Handling anger and avoiding arguments.: One of the major problems with anger and the arguments that result is that neither partner does much, if anything, to avoid them. People are motivated by the need to prevail or be “right” about the conflict-arousing issue. One or the other person in the couple “takes the bait” which hooks them into an argument. This is avoided by the conversation remaining conversational. Additionally couples can postpone conversation until they restore calm. This is not always easy, but certainly possible.
Listening to each other.: This is extremely important. Couples in conflict are often so busy preparing their indictment of the other person or their defense of themselves that they simply do not listen and hear what is being said. Thus, their responses are often not responses at all, but their next statement—perhaps entirely unrelated to what was just said to them. This is one of the main reasons, I believe, why too many couples recycle the same issues and arguments repeatedly and rarely if ever feel as though any conversation (or “attack and defend” exchange) accomplishes anything. Couples often need help to learn to listen to each other so that the dynamic between them changes to one that is productive. That is the job of good therapy.
Saying “I’m sorry”.:, Often it is hard to simply say sorry. You often hear statements like, “I know it’s the right thing to do and I feel sorry…I just can’t say it!” Such responses suggest the likelihood that the person might feel “weak” or “defeated” if they publicly acknowledge their sorrow or regret.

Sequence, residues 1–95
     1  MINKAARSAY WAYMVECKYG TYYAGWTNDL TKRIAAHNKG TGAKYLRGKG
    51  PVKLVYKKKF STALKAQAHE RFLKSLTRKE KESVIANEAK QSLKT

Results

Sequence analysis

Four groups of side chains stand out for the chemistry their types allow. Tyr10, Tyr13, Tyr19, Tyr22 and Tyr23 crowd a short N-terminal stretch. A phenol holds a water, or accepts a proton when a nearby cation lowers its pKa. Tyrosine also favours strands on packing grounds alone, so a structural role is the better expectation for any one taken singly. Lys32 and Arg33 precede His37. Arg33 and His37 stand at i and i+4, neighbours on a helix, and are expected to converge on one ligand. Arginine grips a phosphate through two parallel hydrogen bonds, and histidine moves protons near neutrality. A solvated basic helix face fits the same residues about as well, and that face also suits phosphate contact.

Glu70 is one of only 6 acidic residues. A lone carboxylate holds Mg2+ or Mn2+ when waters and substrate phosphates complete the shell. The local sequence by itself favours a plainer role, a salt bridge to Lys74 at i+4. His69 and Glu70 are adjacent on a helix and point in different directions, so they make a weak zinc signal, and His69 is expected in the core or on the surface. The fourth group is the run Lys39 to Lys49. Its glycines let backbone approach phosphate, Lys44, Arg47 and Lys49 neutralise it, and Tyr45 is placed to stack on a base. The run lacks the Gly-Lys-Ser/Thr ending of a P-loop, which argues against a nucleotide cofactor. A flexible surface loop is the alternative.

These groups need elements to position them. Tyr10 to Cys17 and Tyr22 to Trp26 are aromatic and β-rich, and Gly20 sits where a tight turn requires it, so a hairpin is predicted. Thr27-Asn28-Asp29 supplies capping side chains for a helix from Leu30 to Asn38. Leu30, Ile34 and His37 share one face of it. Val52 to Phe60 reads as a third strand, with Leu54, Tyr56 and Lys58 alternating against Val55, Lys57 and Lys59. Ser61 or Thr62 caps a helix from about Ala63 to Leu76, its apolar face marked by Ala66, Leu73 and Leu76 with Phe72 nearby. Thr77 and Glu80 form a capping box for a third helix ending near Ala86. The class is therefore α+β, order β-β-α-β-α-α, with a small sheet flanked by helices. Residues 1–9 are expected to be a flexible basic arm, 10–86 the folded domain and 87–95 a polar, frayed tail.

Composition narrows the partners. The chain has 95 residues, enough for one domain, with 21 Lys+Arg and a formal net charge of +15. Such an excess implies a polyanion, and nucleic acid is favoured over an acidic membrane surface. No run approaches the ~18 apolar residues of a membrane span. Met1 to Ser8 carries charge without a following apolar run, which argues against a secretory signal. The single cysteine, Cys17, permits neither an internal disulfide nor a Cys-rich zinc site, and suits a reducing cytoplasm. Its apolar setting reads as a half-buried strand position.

Expressing Gratitude.: When partners in a couple feel and express gratitude or appreciation for each other, each of them feels cherished and valued and it enhances the relationship. Expressions of appreciation is not have to be confined to major gestures or actions. “Thanks honey, for feeding the dog is just as meaningful as a thank you for a monumental gift or kindness.
Changing.: Changing the “little things” that persist over time. These are the kinds of changes that, with some effort, might be easy to accomplish. Additionally have far greater dividends than the investment required to achieve them. When people feel ignored or, worse, devalued by their partners, resentments develop that can become toxic to the relationship.
Treating each other as special.: A wife once complained that upon leaving a party, her husband helped every other woman guest on with her coat—except her. When she questioned him about this, his reply was “Well, that’s because you’re my wife!” Her response: “That’s the point!” That she felt taken for granted was not surprising. Moments like this may be insignificant if they are infrequent, but if they typify an attitude or are common in the relationship, they have the potential to cause diminished regard and affection for the offending partner.
Hurting with words.: The damage potential of comments made in the heat of battle is extremely high. There is a tendency on the part of the offending partner to dismiss or trivialize those remarks afterward. Saying “I didn’t really mean it, I was just angry,” often makes things worse.. Words cause wounds that are not easily to heal when calm is restored.